I’ve got a thing for cities that exude positive energy. I’ve always felt that Nashville is like that, with music constantly playing and people just in all around good moods. After visiting New Orleans for the first time, I think the Crescent City certainly falls into that category. There are musicians in the streets of the French Quarter everywhere playing jazz music and jamming out. I even saw a random lone cellist playing music on a street that is known for their art and antiques. There is nothing better than a city so alive with culture!
Here is a video I took with my iPhone in Jackson Square:
I’ve lived in Louisiana for around four months now and one of the first things people ask me is, “Have you been to New Orleans yet?” and when I shake my head they say, “You have to go! South Louisiana is a whole different world.” It has been on my to do list to go visit for a while now, but never had the opportunity.
When a friend asked me if I wanted to go with him to experience the first weekend of parades, I jumped at the chance. Only problem? You don’t get time off during sweeps. Since I couldn’t use one of my comp days, I instead worked a double shift. I had to turn in the same amount of work for the shows the next day in order to go. So, I got into work around 9am on Thursday and left at midnight. I only took one small break for dinner but other than that I worked for 15 hours straight, that’s how bad I wanted to go! Then I packed up my stuff and headed to south Louisiana!
We first stopped in Mandeville, Louisiana for the Eve Parade. The first thing I noticed was the people were different than they are here in Northeast Louisiana. They didn’t have the same drawls and almost seemed less country. The accents down there have a touch of southern twang but that’s about it. It kind of reminded me of the people in Virginia.
The parade was a fun event! The whole community lined the streets waiting for the floats to roll through. Little kids sat on the top of shoulders and a ladder type structure waving their hands wildly. It was fun to see how excited they got over the plastic beads. One of the things I didn’t anticipate though was how terrifying dozens of beads raining down from the sky can be. Think about it, you’re standing in front of a float with people just throwing things at you. Many of the teenagers and adults didn’t react the same way I did and that’s probably because they’ve been catching beads and trinkets since they were little kids.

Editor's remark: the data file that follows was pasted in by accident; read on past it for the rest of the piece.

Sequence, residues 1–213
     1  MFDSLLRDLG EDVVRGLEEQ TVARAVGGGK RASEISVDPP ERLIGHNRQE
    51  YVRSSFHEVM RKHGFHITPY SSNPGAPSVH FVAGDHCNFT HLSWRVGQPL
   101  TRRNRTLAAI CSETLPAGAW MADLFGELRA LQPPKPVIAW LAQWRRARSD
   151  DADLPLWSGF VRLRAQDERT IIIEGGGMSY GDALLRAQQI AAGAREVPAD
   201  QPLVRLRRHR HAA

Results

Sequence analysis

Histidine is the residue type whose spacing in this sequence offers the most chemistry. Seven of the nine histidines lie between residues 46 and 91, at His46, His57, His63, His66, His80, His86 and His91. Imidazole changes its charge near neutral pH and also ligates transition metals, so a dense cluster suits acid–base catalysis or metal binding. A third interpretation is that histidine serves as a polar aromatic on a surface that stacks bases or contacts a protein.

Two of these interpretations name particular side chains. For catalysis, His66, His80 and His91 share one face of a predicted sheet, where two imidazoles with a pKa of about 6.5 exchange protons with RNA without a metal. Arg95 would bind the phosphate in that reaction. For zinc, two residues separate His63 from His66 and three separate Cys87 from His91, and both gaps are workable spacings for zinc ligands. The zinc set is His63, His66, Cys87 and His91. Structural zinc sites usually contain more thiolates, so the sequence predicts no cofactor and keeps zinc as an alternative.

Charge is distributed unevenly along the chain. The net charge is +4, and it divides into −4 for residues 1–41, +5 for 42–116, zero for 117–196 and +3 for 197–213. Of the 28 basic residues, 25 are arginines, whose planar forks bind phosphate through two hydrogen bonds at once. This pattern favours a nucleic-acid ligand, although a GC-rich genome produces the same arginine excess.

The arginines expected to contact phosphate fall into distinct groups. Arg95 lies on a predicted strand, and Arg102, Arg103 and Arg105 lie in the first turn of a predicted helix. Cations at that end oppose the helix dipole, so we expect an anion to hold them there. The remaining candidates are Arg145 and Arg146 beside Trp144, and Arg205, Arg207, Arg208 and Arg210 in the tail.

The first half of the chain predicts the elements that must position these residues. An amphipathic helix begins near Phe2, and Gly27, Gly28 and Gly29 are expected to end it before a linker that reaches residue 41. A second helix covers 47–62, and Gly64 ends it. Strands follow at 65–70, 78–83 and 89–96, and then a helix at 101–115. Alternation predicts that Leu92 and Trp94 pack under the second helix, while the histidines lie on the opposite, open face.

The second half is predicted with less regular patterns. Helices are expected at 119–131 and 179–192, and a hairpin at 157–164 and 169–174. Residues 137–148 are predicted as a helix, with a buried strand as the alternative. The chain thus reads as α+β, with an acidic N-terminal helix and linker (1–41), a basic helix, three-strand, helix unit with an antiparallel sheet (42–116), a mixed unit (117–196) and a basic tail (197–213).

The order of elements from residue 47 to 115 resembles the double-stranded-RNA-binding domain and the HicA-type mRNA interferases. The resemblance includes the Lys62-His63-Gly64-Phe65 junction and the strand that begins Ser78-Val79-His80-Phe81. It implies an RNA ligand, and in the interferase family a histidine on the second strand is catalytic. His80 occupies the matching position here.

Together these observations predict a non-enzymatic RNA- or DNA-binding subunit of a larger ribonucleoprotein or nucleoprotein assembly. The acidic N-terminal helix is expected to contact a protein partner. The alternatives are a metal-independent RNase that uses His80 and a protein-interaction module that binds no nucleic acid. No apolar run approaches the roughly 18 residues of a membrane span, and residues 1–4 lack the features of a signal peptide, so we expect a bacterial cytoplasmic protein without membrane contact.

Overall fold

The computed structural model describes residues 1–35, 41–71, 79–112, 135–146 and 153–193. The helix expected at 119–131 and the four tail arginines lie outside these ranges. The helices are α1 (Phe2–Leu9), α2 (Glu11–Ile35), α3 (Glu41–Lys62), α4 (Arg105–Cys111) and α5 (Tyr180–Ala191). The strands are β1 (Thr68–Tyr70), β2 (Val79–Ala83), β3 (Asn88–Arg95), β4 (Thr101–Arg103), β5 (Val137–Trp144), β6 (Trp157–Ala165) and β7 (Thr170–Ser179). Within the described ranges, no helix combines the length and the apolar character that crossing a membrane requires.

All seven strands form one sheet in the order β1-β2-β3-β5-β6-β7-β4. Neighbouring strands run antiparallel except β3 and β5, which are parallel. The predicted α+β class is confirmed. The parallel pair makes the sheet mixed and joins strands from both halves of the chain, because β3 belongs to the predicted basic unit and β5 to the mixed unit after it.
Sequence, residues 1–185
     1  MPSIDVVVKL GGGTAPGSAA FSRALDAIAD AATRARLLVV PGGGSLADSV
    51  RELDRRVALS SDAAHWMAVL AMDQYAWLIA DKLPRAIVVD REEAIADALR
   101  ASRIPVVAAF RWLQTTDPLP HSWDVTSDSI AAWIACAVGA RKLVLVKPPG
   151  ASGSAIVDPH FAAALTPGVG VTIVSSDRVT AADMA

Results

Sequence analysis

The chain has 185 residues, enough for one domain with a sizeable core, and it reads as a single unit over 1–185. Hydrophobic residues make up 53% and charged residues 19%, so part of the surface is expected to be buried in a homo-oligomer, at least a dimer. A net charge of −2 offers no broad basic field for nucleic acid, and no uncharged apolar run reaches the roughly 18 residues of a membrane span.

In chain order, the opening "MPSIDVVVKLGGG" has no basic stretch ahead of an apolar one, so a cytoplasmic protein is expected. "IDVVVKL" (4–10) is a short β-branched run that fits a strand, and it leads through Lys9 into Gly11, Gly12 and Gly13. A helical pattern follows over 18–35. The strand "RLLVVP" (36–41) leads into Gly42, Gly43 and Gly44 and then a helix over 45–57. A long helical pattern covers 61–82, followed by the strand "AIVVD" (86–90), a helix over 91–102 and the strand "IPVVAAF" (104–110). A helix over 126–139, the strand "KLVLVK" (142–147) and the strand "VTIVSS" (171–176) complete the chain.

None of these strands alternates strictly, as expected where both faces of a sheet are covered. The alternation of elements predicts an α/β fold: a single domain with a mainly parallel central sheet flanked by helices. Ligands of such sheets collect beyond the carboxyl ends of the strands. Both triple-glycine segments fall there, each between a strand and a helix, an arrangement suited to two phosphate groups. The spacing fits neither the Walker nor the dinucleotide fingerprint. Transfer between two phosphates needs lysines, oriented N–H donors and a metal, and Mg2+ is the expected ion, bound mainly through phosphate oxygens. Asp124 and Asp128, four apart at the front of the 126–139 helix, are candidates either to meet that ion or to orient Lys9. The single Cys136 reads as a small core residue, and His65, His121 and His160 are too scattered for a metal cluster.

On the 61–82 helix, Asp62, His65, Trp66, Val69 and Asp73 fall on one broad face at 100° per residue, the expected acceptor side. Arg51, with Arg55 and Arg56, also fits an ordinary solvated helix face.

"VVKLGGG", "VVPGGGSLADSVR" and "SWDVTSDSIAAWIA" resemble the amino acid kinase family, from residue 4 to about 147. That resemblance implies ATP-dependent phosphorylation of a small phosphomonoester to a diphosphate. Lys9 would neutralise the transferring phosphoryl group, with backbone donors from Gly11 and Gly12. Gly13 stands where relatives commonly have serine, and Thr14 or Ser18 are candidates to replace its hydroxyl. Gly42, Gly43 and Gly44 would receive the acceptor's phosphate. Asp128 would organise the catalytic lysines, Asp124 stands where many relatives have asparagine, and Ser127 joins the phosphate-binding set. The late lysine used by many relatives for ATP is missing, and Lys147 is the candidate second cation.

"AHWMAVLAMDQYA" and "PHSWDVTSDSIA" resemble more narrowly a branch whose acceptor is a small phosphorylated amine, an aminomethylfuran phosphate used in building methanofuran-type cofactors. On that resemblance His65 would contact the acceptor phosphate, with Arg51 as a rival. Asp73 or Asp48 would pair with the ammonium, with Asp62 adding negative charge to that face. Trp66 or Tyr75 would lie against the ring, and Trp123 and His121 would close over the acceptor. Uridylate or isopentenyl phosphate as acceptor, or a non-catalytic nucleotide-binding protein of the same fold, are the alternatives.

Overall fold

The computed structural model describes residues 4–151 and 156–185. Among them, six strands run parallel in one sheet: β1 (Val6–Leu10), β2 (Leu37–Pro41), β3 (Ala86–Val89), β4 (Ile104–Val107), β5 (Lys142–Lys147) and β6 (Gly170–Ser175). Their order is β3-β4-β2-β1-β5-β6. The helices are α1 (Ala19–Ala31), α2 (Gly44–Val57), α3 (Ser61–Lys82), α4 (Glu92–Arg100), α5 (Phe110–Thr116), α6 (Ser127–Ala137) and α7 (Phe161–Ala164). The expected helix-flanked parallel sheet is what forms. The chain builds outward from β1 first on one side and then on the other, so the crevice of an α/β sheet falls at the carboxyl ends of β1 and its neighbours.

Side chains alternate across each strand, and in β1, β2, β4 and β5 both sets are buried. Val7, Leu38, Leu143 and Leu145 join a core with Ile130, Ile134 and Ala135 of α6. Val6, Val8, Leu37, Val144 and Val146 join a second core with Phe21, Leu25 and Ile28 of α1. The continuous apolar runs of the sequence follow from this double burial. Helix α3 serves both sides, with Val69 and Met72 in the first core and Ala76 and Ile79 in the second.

But for me, a girl who dodged softballs instead of catching them when I was a right fielder in 5th grade, I don’t think I have the right instincts for that kind of thing. Every time I looked up and saw beads raining down from the sky, I would cover my face and go “ahh!” At one point someone from the float tossed a bundle of beads and my friend jumped up in front of me to catch them but the beads still flung over his shoulder and whipped my back…painful yes. But overall the parade was fun, it was a nice family friendly event and everyone kept joking that they were “easing me into Mardi Gras”.
The next day I had a chance to be very touristy in New Orleans. The people I went with were born and raised in the area so I had excellent tour guides. The French Quarter is just beautiful, I almost felt like I was in a Carribean city like San Juan or the Bahamas! We walked the open air french market, walked Jackson Square, went inside the St. Louis Cathedral, walked along the Mississippi river, and even visited the Muriel’s haunted restaurant.
Of course we also had to stop at Cafe Du Monde for beignets and hot chocolate. When I first walked into the Cafe I noticed there was white powder all over each table. Turns out these french doughnuts are CAKED with powder sugar. And from what I was told, it’s part of the experience to learn the proper way to eat these things.
1) Lean over table
2) Don’t inhale or exhale unless you want the powdered sugar to go everywhere.
3) Nash teeth
Take a bite and hope you don’t get the sugar all over your clothes.
Afterward we hopped over to Metairie for the Caesar parade, it was bigger than the one in Mandeville, but the same idea. Even with the bitter cold outside, it was a lot of fun to see the big colorful floats and the highschool marching bands. I love how involved each community gets with the Mardi Gras holiday. It’s nice to see people who appreciate their state culture, especially when it is so unique!